Anonymous trial balloon articles like this one are difficult to comment on because it’s obviously designed to announce that a certain policy is being considered before it’s actually written, and so none of the key details is known.  Would Obama’s new detention powers apply only to current “War on Terror” prisoners at places like Guantanamo and Bagram, or would they also apply to future, not-yet-abducted detainees as well?  Would these powers apply to detainees picked up anywhere in the world, far away from “war zones”?  Would there be any judicial review or other meaningful oversight provisions so that — even in theory — this was something other than the unilateral, unchecked presidential power to detain indefinitely without charges?  None of these important details is known (though the article notes that, under one White House proposal, “ongoing detention would be subject to annual presidential review“; the Emperor, sitting alone, will decree once a year whether they must remain in a cage).

This specific article is even worse than the usual one of its type, since it’s particularly uncritical in passing along administration claims without any skepticism (I addressed each of the “justifications” for Obama’s preventive detention proposal — Obama has to do this because of what Bush did; we can’t get convictions because of Bush’s torture; it’s common in War to do things like this, etc. etc. —here).  Worse, the article does not provide any information about the Obama officials whose mission the reporters are dutifully carrying out, so there’s no way to assess their motives. 

Those journalistic practices produce egregious sentences like this:  “‘Civil liberties groups have encouraged the administration, that if a prolonged detention system were to be sought, to do it through executive order’, the official said.”  I’d love to know which so-called “civil liberties groups” are pushing the White House for an Executive Order establishing the power of indefinite detention.  It’s certainly not the ACLU or Center for Constitutional Rights, both of which issued statements vehemently condemning the proposal (ACLU’s Anthony Romero:  “If President Obama issues an executive order authorizing indefinite detention, he’ll be repeating the same mistakes of George Bush”). 

All of that said, we already know that Obama wants a system of preventive detention without charges — because he said so explicitly in last month’s “civil liberties” speech ironically and cynically delivered in front of the U.S. Constitution at the National Archives.  And it’s hard to imagine how he won’t get what he wants:  Republicans are eager to grant the President this detention authority (Sens. Tom Coburn and Lindsey Graham have both gushingly praised Obama’s proposal) and, as the Bush era proved, there are always more than enough Congressional Democrats to join with the GOP caucus to enact any new system of expanded detention and surveillance powers.  Absent serious public opposition (and one recent poll shows overwhelming opposition), it seems highly likely that Barack Obama will wield the power to imprison people indefinitely without charges of any kind.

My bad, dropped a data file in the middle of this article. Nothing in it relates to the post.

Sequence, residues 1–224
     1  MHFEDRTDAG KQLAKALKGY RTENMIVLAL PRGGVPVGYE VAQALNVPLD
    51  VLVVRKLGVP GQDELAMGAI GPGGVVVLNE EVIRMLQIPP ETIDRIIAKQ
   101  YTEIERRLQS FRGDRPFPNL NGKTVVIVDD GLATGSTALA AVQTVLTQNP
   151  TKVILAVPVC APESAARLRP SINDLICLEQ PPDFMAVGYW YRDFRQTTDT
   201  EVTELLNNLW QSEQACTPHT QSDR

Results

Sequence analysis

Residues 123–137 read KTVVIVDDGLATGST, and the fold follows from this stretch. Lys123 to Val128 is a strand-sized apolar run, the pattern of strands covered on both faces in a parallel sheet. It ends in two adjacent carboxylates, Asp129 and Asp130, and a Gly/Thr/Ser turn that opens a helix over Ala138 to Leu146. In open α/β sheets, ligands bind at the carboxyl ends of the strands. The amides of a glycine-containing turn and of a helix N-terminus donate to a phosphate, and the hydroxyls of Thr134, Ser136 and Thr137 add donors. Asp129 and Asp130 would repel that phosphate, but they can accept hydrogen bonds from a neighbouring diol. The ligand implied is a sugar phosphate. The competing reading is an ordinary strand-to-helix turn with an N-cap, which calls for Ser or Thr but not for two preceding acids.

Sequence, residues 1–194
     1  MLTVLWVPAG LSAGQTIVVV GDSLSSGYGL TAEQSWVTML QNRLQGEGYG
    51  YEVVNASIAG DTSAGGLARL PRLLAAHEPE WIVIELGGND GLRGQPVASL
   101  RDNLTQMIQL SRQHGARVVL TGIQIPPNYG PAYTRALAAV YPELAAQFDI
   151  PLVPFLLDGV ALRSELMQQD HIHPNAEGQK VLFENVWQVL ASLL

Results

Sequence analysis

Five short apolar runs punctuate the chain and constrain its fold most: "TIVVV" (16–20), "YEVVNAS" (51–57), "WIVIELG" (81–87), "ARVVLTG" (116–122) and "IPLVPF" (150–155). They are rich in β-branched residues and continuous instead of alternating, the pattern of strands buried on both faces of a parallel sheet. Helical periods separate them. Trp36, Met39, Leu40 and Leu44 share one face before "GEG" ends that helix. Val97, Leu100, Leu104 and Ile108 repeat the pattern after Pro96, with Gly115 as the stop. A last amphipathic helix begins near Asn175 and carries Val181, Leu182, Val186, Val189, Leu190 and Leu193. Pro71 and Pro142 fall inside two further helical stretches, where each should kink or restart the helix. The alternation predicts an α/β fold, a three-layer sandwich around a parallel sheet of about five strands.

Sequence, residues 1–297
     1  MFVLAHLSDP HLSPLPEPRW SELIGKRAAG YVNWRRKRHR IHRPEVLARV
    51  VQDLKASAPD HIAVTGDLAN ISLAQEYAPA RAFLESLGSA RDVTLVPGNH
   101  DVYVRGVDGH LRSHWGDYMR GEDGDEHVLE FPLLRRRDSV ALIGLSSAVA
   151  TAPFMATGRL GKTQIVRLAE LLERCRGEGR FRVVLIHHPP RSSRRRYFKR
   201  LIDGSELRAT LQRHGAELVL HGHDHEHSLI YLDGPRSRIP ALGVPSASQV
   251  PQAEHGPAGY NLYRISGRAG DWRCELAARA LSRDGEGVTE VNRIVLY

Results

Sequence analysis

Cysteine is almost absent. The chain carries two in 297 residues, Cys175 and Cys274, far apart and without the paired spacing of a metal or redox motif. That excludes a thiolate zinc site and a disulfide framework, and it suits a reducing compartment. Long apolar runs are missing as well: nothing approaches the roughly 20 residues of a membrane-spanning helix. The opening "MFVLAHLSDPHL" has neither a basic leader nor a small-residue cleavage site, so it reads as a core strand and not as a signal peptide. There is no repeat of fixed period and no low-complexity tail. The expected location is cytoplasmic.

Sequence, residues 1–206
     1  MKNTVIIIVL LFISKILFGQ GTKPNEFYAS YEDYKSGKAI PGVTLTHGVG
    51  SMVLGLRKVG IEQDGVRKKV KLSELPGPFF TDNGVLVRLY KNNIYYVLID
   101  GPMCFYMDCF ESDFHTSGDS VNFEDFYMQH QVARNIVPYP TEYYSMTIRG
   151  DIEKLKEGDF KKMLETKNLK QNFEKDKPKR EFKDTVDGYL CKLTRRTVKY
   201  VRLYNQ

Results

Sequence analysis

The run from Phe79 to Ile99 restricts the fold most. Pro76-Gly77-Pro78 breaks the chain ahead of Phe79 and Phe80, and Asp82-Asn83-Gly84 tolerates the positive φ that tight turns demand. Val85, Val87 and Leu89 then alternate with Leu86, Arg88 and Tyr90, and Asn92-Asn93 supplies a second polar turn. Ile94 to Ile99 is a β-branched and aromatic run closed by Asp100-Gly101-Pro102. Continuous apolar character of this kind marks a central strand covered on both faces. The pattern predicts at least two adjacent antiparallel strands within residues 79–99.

* * * * *

There is one point in particular I really want to highlight about all of this:

There has now emerged a very clear — and very disturbing — pattern whereby Obama is willing to use legal mechanisms and recognize the authority of other branches only if he’s assured that he’ll get the outcome he wants.  If he can’t get what he wants from those processes, he’ll just assert Bush-like unilateral powers to bypass those processes and do what he wants anyway.  In other words, what distinguishes Obama from the first-term Bush is that Obama is willing to indulge the charade that Congress, the courts and the rule of law have some role to play in political outcomes as long as they give him the power he wants.  But where those processes impede Obama’s will, he’ll just bypass them and assert the unilateral power to do what he wants anyway (by contrast, the first-term Bush was unwilling to go to Congress to get expanded powers even where Congress was eager to give them to him; the second-term Bush, like Obama, was willing to allow Congress to endorse his radical proposals:  hence, the Military Commissions Act, the Protect America Act, the FISA Amendments Act, etc.).

That, for instance, is the precise pattern that’s driving his suppression of torture photos.  Two federal courts ordered the President to release the photos under the 40-year-old Freedom of Information Act.  Not wanting to abide by that decision, the White House (using Lindsey Graham and Joe Lieberman) tried to pressure Congress to enact new legislation vesting the administration with the power to override FOIA.  When House progressives blocked that bill, the White House assured Lieberman and Graham that Obama would simply use an Executive Order to decree the photos “classified” (when they are plainly nothing of the sort) and thus block their release anyway.  In other words:  

We’ll go to court and work with Congress so we can pretend that we’re not like those bad people in the last administration, but if we don’t get what we want by doing that, we’ll just do it anyway through unilateral Presidential action, using the theories that the last administration so helpfully left behind and which we’ve been aggressivelydefending in court.